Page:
Pakistani Foreign Minister Shah Mahmood Qureshi
We need funds
Qureshi made a plea, saying the international community urgently needs to release billions of dollars in pledged aid to Pakistan to help support the campaign against the Taliban. “Pakistan is playing a significant front-line role in global and regional peace and security. For that we are paying a huge economic and human price,” he said, stressing that the people of Pakistan and its economy have been dealt a great blow.
“This specter of extremism and terrorism is not of our creation, and we need the world's attention and help in dismantling this terrorist network,” he continued. “One of the ways to help Pakistan is to stabilize the economy. Once the economy is stabilized, the standard of living raised and poverty addressed, we will be able to change the mindset that lures people to extremism and terrorism,” he remarked.
Pakistan secured $5.7 billion in aid in April in Tokyo at a donor conference held in response to a humanitarian crisis created by fighting between government forces and Taliban fighters, but only a small portion of those funds have arrived so far. Only $300 million for internally dislocated people have been transferred to his country, Qureshi said. Around 2.3 million people were forced to leave their homes after a government offensive against the Taliban in northwest Pakistan. Qureshi said 95 percent of them have returned home.
The Pakistani foreign minister described the meeting of the FoDP in İstanbul as successful overall. “We met all our objectives. The Friends of Pakistan unanimously endorsed our Malakand pilot project as well, which will undertake the rehabilitation and reconstruction of the affected areas.” The next meeting is scheduled to be held in New York with the participation of Pakistani Prime Minister Syed Yousaf Raza Gilani. Qureshi lamented on the fact that people often confuse the FoDP meetings with a donor conference. “The meeting we held in İstanbul was never a donor conference, but rather [an opportunity] to get political support for Pakistan,” he said, adding the confusion was probably caused by the back-to-back meetings held in Tokyo, one for donors and the other for the FoDP.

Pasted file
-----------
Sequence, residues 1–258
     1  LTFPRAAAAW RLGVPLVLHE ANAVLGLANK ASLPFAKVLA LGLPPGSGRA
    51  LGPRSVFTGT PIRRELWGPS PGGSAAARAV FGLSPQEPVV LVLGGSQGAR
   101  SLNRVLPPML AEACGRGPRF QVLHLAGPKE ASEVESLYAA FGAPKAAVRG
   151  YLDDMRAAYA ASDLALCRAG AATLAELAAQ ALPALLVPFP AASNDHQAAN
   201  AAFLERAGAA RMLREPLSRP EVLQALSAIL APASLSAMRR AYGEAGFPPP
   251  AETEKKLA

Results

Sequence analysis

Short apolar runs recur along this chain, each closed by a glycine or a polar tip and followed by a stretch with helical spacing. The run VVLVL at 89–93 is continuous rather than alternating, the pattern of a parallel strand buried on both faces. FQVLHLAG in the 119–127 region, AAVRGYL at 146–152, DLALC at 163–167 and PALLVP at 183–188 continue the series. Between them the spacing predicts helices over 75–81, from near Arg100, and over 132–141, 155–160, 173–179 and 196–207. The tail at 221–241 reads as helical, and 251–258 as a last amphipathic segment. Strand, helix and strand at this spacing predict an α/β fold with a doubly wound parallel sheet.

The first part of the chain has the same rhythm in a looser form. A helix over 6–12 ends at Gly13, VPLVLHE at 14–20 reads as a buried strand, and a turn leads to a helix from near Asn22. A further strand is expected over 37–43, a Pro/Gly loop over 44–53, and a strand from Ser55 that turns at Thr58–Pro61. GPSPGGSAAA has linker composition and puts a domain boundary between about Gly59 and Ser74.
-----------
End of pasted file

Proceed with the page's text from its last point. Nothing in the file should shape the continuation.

“The idea behind the FoDP meetings is to get political support for Pakistan and institutional dialogue with important countries of the world who are allies and partners in the fight against extremism and terrorism. That was the idea behind the İstanbul conference. At the New York conference this idea will be entrenched further,” he said.
Pakistan's foreign minister also pointed out that a forum for the donor conferences is already in place. “The Pakistan Development Forum was created to address monetary problems, and there will be a meeting of that forum soon,” he stated.